Undoubtedly, the Veterans Benefits Administration has its work cut out for it in trying to solve the problems that have plagued the claims process for years. Not the least of which has been a long-term shortage of resources and a cyclical lack of leadership and commitment to improve the system. Both the legislative and the executive branches of government, going back for many years, share the blame for the situation.
Finally Secretary Eric K. Shinseki and Under Secretary for Benefits Allison Hickey and their team have taken on the long-neglected task of resolving those problems. What’s more, there has been remarkable progress toward changing the VBA’s culture, increasing the claims workforce, providing better training and instituting greater accountability up and down the line.

They have demonstrated a heretofore absent willingness and commitment to transform a dysfunctional system so that it better serves veterans and the national interests. The plan they have put in place is designed to ensure that veterans’ disability claims are decided correctly, efficiently and with compassion. When fully implemented by 2014, I am optimistic that it will bring great improvement in the system that I and millions of other veterans rely upon to fulfill our nation’s promises to those who have served.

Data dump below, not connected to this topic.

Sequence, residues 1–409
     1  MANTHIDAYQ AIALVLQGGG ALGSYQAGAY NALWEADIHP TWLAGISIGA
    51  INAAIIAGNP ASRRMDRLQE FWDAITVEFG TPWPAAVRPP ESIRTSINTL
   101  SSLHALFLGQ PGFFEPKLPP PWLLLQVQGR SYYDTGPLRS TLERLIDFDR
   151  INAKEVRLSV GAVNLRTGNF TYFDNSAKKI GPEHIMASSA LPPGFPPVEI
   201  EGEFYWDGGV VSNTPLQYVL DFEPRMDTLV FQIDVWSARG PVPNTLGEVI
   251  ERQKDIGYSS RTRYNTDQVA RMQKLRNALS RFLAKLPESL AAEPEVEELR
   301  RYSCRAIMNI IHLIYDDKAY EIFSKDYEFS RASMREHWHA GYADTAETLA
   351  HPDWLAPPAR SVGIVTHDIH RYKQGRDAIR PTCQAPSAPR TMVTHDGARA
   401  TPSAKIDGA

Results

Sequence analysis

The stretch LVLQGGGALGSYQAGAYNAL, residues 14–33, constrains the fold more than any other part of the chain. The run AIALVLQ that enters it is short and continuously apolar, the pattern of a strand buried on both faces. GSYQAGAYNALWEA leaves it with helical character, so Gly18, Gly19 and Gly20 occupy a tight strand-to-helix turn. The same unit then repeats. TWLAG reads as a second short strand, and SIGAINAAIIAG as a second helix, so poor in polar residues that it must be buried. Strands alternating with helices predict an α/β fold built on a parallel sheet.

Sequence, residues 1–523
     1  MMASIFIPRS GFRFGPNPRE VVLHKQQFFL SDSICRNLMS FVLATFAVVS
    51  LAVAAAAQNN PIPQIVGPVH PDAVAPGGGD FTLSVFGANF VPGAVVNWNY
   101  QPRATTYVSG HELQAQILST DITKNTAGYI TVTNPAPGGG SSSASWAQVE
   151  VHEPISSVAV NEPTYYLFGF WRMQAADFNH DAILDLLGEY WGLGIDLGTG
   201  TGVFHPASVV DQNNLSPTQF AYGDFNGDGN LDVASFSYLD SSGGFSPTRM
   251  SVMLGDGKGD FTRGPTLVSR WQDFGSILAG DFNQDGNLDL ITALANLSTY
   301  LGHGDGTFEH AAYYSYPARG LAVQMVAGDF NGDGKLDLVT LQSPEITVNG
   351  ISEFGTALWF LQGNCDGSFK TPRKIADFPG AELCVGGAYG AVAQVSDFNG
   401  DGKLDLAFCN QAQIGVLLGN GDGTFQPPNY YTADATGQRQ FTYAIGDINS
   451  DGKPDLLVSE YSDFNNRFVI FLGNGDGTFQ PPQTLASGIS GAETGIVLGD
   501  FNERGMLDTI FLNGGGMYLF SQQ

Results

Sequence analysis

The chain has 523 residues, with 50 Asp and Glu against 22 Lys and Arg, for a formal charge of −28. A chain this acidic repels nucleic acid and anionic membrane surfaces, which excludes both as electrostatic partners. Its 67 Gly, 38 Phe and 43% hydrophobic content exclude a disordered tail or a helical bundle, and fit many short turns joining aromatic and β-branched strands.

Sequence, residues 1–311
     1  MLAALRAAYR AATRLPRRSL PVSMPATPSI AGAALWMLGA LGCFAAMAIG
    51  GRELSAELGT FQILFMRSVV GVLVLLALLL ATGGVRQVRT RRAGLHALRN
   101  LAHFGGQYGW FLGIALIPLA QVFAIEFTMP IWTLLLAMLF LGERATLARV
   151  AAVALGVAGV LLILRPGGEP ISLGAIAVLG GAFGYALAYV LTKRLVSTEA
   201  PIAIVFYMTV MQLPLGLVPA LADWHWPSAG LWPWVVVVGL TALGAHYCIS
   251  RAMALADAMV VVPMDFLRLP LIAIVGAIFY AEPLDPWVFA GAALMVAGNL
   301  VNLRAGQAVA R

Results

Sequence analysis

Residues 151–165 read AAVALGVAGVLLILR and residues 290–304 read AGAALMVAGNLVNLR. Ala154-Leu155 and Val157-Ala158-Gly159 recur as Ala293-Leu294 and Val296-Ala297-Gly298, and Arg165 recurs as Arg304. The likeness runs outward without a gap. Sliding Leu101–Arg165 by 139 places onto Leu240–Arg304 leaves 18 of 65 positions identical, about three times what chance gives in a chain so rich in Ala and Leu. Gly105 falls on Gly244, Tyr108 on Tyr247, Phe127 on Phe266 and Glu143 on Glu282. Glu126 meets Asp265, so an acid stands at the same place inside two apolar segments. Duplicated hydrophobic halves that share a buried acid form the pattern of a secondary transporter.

The claims backlog is a consequence of years of inadequate resources, lack of organization, outdated paper-based processing, and numerous other factors. Among them are the Secretary’s decision to grant new benefits to Vietnam veterans exposed to Agent Orange and the VA’s unprecedented outreach campaign to make an entire generation of young veterans more aware of the benefits they’ve earned, which I believe were the right things to do.
The clear fact is that there is no quick fix to such a monumental, complex problem. And all the hand wringing and rock throwing in the world won’t make it go away. The only way to solve it is through a systematic, reasoned and practical reformation that takes advantage of modern technology that will improve the quality and accuracy of claims decisions and sustain the integrity of a tried-and-true benefits system. And that takes time.
I firmly believe that this is exactly what Secretary Shinseki and Under Secretary Hickey have set in motion. Instead of yelling, “Off with their heads!” the far better tack is to provide them the resources and the support and patience needed to enable them to accomplish their mission. To do less would simply maintain the status quo, which is unacceptable.
David W. Gorman is a combat-injured Army veteran of the Vietnam War. He is a long-time veterans advocate with extensive knowledge of the Department of Veterans Affairs and a retired executive director of DAV’s Washington, D.C., headquarters.